26. Checking Squareness Before any gluing of frames can be carried out, the frame must be assembled DRY. i.e. it needs to be checked to ensure that it is Square and is not affected by Winding (Twisting of the frame). To check if the frame is square it is ideally done using long straight sticks to check the diagonals. See below. Table Frame Measuring Sticks If the frame is not square the diagonal distance from corner to corner will be greater for one of the corners as shown above. This is corrected simply by adjusting the sash cramps until a satisfactory squareness is achieved. As can be seen from the drawing above, if a frame construction is Square, the diagonal distance (Corner to Corner) between each corner will be the same distance.

  27. Applying a Finish Before applying a finish it is important to make sure that the surface is very smooth and free from blemishes (marks and scratches) by firstly using an appropriate plane or scraper and then different grades of abrasive paper/sand paper in the direction of the grain. Sanding across the grain makes more scratches rather than making it smooth. Sequence to applying varnish to a piece of wood 1.The Smoothing Plane (Smaller brother of the Jack Plane) is used first to remove pencil lines and any major blemishes. 2.Next, use a Medium grade of sand paper sand all surfaces. 3.The next stage is to apply a fine sprinkle of water over the surface of the wood. This raises the grain in the wood which when dry will be sanded off using a Fine Graded sand paper. This technique gives a better overall finish. 4.Using a Fine Graded sand paper sand down all surfaces. 5.Apply first coat of varnish. Allow to dry. 6.Using a Fine Graded sand paper sand down all surfaces. 7.Apply second coat of varnish. Allow to dry. Always sand in the direction of the grain.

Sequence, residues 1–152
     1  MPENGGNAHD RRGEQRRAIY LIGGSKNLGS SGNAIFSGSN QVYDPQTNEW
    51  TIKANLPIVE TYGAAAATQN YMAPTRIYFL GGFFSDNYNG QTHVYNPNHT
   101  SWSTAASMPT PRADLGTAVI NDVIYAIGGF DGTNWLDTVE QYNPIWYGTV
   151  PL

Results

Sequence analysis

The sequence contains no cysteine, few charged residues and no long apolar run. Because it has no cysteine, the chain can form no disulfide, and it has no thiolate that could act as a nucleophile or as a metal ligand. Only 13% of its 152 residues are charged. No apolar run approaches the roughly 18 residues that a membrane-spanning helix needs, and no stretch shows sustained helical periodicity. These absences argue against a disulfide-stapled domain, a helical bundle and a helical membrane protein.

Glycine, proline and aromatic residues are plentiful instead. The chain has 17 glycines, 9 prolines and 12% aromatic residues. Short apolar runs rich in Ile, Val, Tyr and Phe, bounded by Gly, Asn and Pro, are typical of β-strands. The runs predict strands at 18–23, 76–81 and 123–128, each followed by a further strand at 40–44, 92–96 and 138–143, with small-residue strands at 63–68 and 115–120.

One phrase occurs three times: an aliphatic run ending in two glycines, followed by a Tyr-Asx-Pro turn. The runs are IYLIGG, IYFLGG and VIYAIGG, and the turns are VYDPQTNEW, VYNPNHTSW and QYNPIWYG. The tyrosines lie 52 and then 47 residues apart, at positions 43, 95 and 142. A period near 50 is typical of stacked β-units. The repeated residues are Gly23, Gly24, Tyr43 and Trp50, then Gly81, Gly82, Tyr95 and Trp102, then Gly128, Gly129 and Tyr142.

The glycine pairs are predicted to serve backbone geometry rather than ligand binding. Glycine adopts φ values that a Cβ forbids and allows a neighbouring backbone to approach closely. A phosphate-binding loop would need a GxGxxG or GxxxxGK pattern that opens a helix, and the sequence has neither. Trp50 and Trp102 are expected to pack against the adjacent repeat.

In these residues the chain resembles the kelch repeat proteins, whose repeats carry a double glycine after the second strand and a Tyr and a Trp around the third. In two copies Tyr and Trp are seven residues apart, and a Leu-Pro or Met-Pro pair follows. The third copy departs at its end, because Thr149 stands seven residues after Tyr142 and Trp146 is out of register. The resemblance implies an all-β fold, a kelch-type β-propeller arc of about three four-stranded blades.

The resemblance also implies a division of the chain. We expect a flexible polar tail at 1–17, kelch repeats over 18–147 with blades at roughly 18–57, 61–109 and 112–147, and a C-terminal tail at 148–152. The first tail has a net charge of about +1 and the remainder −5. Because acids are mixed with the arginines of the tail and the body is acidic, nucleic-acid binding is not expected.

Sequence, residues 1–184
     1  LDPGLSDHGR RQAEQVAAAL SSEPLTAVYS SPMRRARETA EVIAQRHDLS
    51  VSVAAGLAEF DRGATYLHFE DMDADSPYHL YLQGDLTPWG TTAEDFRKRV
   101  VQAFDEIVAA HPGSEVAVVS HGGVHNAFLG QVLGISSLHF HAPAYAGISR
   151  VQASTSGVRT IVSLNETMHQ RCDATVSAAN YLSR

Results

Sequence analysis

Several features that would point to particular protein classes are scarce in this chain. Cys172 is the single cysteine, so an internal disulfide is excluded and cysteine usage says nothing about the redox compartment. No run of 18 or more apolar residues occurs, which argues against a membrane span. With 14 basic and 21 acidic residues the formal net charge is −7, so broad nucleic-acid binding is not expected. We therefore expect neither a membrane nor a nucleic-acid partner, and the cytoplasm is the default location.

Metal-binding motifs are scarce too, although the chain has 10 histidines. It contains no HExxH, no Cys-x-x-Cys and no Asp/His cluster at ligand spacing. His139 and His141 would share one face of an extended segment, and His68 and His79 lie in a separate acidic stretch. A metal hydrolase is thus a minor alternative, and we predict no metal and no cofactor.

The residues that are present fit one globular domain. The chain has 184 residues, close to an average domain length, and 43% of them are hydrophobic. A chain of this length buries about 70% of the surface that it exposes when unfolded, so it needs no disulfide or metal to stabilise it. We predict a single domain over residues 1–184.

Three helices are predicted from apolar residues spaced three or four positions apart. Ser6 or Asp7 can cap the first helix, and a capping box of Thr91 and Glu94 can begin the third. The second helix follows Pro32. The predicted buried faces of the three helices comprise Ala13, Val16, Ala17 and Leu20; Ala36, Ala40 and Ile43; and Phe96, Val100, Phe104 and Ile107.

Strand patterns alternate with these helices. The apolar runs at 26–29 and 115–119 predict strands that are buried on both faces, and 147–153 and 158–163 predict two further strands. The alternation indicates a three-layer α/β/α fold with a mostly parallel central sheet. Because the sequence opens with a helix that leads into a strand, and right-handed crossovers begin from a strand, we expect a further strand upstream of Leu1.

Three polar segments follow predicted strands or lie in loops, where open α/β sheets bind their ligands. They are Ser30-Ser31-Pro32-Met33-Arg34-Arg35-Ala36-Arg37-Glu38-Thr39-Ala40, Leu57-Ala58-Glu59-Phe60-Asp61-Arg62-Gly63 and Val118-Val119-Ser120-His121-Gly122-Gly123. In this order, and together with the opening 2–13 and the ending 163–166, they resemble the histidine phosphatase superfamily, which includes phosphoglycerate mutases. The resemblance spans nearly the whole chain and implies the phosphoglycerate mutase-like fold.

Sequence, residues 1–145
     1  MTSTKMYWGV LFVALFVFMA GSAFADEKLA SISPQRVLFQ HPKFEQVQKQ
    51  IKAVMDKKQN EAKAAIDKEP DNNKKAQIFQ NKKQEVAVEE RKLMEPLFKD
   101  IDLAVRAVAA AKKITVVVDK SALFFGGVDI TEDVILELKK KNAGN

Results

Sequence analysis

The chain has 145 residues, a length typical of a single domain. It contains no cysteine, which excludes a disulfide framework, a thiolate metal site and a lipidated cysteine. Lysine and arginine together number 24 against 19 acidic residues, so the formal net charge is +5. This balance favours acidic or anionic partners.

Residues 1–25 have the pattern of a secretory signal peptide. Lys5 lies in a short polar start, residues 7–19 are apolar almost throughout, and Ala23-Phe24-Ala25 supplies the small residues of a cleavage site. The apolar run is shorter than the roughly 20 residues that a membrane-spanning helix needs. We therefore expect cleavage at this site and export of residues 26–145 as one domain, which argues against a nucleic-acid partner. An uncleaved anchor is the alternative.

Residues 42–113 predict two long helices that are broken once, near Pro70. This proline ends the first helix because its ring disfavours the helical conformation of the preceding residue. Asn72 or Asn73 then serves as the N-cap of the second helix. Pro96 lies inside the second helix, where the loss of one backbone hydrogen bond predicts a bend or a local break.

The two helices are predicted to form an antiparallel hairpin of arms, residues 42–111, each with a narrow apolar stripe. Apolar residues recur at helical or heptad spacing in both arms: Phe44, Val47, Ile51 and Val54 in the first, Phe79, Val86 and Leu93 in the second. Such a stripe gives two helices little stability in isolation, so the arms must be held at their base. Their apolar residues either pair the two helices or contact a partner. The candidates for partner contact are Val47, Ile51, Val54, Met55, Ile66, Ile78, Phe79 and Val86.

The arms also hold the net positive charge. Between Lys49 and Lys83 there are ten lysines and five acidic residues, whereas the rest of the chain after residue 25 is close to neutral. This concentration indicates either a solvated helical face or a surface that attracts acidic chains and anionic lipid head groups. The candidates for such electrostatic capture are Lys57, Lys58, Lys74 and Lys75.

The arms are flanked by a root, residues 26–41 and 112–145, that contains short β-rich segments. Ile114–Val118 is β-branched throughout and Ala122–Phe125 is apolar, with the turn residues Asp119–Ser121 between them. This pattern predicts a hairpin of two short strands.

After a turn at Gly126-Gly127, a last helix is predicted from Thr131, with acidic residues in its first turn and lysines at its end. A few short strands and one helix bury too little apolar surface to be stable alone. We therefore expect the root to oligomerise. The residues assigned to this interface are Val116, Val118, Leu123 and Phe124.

28. Types of finish available 1. 2. • · Water Based Varnish • · Spirit Based Varnish • · Wax Polish • · Coloured Wax Polish • · Danish Oil • · Coloured Stains • · Paints 3. 4. 5. 6. 7.

  29. Machine Tools - Sanders Hand held Orbital Sanders – these come in many shapes and sizes. Each have a dust extractor attached to them to stop the use breathing in exes dust. They sand by moving the sanding beds in small circular motions (orbital motions). Belt Sander - You will see these in the school’s workshops. They sand wood in a vertical motion. Disc Sander – These sand in a rotational motion.

  30. Machine Tools - Drills

  31. Machine Tools - Drills • Cordless DrillThis does the same as the bench and pillar drill, but because it is not attached to anything it can drill holes in more awkward areas. This can also be used as an electric screwdriver if the drill bit is changed for a screw bit. • Drills Bits

  32. Machine Tools– Mortise Machine A mortise machine can be used to help cut out the mortise in a mortise and tennon joint. It uses a square chisel that contains a special twist drill to extract the waste wood.

  33. Machine Tools– Woodturning Lathe A typical wood turning lathe is seen below. Wood turning takes place either at the face plate (bowls) or between the two centres, the drive centre and the tail stock centre.For example, if a table leg is being turned, this is carried out between the two centres. However, if a bowl is being turned, the blank is usually screwed to the face plate

  34. Woodturning Lathe • - Preparing a length of wood for centre turning

  35. Woodturning Lathe • - Turning between centres As the wood spins between the centres the person using the lathe will create a design on the wood by using different types of chisel at different pressures.

  36. Woodturning Lathe • - Preparing a wooden blank for bowl turning

  37. Sustainable Forrest Lifecycle The forest is a working environment, producing wood products such as wood pulp for the paper / card industry and wood based materials for furniture manufacture and the construction industry. Great care is taken to ensure the safety of wildlife and to preserve the natural environment.Sustainable forests are the result of a commonsense policy to replace trees that are felled so that forests continue to exist providing natural materials for us all.